Politics

U.S Congress begins impeachment trial of President Trump

Congress votes on elements of the Trump Impeachment trial. Source: Wikimedia Commons

Impeachment is an act that some governments can take where the legislative body of government, Congress in the United States, place a government figure on trial for a crime related to their office. 

President Trump is accused of attempting to pressure the Ukrainian government to conduct investigations into Hunter Biden, son of one of Trump’s political rivals, Joe Biden. Trump is accused of using bribery and threats to pressure the Ukrainian government, such as withholding $400m of US military aid to the country. The President is also accused of refusing to co-operate with Congress during their congressional inquiry. 

These claims were levelled after a call log of Trump’s conversation with the Ukrainian leader was leaked by a whistle-blower. This action, if proven true, would be seen as bribery and an attempt to meddle in the elections of the United States. Donald Trump has been quick to retaliate calling the trial a “witch hunt” by Democrats and the mainstream media. He also argues that it was appropriate for him to ask Ukraine to investigate what he believed to be corruption.

Impeachment trials in the United States are as much political as they are legal affairs. The trial takes place in Congress with the Democrats acting as the prosecution while Trump’s political party, the Republicans, act as the defence. Once the trial is over and both sides have made their cases a vote will be held in the Senate. If two-thirds or more of senators vote that Trump is guilty of the charges he will be removed from office and his Vice-President will take over.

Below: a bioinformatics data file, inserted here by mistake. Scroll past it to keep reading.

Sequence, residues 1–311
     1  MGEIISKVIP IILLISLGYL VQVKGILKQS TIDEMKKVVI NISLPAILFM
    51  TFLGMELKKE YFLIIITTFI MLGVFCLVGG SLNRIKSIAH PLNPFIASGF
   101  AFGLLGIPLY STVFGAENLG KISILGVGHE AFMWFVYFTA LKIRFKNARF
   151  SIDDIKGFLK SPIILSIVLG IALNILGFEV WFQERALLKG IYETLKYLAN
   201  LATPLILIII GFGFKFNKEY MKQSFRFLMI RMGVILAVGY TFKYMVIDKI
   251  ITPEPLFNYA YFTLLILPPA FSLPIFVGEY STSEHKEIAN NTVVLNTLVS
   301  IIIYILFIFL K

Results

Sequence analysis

However, if the Democrats fail to garner that much support for the threshold to be reached, Trump will remain in office at least until the next Presidential election, due to take place later this year. 

If Trump were removed from office in this manner, he would go on to face criminal charges. The Republicans’ defence of the President follows three main points; Ukraine’s leader said he didn’t feel that he was threatened or under pressure, the Ukrainian government was not aware of any aid being held back by the Americans and the US military aid money did eventually go to the Ukrainians.

Before the trial could even begin there were fierce arguments in Congress over the role of witnesses and whether any will be questioned at all. Both sides have witnesses they wish to call which they believe will help their case for or against the President. Democrats have been keen to allow witnesses such as John Bolton, the former National Security Advisor. However, the Republicans have been keen to point out that they too would be able to call witnesses, such as Joe Biden’s son, Hunter Biden, which could prove unhelpful for the Democrats. At the moment witnesses are being withheld but that could change in the coming weeks.

Historically only three other presidents have had impeachment trials laid against them. In modern days we remember Richard Nixon who faced impeachment after the Watergate scandal but resigned from office before the trial got underway. Bill Clinton was also impeached but was not removed from office as neither counts of impeachment received the necessary two-thirds majority vote of the senators. 

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